When testing gear for BGT (as opposed to writing about your own gear),
there are some different rules. Most of them are detailed in the
Survival Guide. One of our conventions for gear testing is that we explain
where we test our gear and what the conditions were like. It's worth
cultivating the habit of doing this even in ORs, because it will make you
stand out among the other Testers.
So, for example: I'm going to be sleeping out in my backyard tonight,
testing a new insulation system for my hammock. I might write that as
"November 2, 2008: Potsdam, NY. I slept out in my backyard while testing
the _____. The temperature was about 28 F (-2 C) when I went out, with
an overnight low of 20 F (-7 C). Wind speed was about 5 mph (8 kph)."
> Tent setup:EDIT: Now that I've seen the photographs, I need to ask you to clarify
> The Tarptent is a single-walled design with a single curved pole that
> is inserted into the rear part of the tent for a hoop style support.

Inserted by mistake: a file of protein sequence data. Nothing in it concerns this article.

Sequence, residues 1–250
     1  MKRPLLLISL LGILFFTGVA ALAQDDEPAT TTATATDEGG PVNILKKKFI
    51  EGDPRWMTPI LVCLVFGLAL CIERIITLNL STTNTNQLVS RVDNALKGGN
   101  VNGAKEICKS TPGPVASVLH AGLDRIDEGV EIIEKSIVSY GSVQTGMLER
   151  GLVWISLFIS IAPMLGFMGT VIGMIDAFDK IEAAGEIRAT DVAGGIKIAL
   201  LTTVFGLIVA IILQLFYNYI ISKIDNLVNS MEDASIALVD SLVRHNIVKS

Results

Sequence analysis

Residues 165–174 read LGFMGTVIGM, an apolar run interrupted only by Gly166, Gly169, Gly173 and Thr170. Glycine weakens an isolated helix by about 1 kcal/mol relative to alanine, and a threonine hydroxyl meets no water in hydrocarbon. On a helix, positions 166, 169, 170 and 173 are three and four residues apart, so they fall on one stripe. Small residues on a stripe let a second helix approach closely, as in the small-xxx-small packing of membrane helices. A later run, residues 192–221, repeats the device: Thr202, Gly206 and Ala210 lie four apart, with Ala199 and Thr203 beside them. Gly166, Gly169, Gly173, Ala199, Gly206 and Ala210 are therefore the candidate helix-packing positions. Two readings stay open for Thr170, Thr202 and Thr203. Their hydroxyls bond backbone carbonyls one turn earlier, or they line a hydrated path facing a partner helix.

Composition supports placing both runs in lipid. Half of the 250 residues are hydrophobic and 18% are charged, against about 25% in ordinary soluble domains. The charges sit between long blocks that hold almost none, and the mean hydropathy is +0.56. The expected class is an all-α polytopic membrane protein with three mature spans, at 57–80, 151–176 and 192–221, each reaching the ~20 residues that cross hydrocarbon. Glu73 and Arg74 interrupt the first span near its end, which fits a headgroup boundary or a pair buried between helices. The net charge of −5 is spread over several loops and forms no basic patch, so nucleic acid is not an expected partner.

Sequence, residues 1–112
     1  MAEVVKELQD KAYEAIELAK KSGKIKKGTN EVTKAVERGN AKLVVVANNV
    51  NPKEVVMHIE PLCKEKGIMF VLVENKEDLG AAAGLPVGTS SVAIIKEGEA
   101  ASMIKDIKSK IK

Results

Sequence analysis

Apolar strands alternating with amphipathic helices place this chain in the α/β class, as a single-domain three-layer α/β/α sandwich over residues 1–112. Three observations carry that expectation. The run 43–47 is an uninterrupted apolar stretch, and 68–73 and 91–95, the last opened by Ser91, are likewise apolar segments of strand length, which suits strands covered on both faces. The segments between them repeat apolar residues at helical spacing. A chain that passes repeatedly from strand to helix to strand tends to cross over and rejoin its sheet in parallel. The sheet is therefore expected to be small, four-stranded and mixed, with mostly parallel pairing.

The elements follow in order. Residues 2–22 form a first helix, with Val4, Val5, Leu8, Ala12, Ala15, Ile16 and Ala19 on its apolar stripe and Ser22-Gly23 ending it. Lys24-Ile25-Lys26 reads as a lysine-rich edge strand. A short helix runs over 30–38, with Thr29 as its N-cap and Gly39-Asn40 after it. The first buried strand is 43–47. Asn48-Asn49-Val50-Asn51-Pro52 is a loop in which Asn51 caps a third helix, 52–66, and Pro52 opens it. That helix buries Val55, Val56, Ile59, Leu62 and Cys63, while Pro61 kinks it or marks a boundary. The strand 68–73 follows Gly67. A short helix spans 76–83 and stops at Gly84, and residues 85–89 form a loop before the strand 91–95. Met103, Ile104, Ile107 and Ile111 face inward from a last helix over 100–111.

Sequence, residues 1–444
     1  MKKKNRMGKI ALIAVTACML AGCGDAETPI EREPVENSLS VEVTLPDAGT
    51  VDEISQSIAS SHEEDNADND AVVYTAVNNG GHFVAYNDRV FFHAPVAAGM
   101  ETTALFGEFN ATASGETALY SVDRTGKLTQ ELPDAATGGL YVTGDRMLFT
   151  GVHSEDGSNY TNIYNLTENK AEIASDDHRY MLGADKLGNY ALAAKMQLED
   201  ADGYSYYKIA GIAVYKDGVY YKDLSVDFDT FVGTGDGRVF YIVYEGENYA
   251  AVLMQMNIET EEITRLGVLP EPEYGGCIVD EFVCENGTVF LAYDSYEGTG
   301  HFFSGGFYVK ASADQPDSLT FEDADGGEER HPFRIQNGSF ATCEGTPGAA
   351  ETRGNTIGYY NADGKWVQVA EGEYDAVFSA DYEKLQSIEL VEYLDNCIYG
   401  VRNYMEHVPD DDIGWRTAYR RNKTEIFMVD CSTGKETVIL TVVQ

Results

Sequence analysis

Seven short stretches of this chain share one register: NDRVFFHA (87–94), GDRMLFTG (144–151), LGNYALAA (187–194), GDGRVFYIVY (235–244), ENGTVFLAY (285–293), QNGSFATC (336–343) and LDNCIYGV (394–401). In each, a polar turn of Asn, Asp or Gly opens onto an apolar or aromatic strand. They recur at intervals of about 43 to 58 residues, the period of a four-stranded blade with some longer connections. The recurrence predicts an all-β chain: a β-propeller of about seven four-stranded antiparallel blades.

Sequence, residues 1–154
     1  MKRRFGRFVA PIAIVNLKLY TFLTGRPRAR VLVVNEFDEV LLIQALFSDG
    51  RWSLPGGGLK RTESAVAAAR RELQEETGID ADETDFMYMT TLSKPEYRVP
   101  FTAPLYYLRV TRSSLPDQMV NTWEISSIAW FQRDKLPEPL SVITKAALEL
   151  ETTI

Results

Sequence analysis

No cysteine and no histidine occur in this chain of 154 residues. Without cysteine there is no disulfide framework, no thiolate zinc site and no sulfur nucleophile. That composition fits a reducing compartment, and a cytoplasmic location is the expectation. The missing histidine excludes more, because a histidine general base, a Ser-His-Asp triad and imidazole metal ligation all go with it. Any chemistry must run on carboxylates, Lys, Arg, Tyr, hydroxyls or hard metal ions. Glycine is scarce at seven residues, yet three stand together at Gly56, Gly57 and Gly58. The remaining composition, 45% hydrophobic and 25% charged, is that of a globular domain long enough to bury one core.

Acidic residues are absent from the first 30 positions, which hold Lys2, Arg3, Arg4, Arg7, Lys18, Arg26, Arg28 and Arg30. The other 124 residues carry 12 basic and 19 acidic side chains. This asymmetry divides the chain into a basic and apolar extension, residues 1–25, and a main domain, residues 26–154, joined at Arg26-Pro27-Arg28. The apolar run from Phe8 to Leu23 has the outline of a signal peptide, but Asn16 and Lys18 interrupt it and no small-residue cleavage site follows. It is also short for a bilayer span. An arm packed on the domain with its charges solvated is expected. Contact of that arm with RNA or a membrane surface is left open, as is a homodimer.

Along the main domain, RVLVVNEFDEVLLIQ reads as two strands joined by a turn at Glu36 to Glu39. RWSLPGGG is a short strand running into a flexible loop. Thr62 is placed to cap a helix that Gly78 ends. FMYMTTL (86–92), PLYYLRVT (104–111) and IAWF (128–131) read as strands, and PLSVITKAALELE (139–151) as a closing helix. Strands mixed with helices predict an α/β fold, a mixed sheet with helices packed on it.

> The rear of the tent is anchored by an ingenious method of one
> guyline loop across the back, and another with another line attached
> to the primary line tied together. To erect the tent, anchor the
> longer loop with the stake and pull the tent forward to create even
> tension from back to front. There is a front guyline that is staked
> to the ground to maintain tension in the front, and two guylines off
> the front lateral corners that are staked into the ground as well.
> The Tarptent webpage shows several other ways to set up the Tarptent.
some things here. To a veteran Tarptent user like you, your description
of the setup method probably makes a lot of sense; tyros like me are
I'm not sure how many guylines come from where and attach to what
things, and how that holds anything together--I'm even unsure about
which end of the tent is the "rear" and which the "front". Again, this
probably makes sense, but I'm not getting it.
In this situation, it's often helpful to include a photograph that
identifies the pieces you're talking about. If you annotated the first
Tarptent.com photo to show where the primary line, guyline loop, etc.,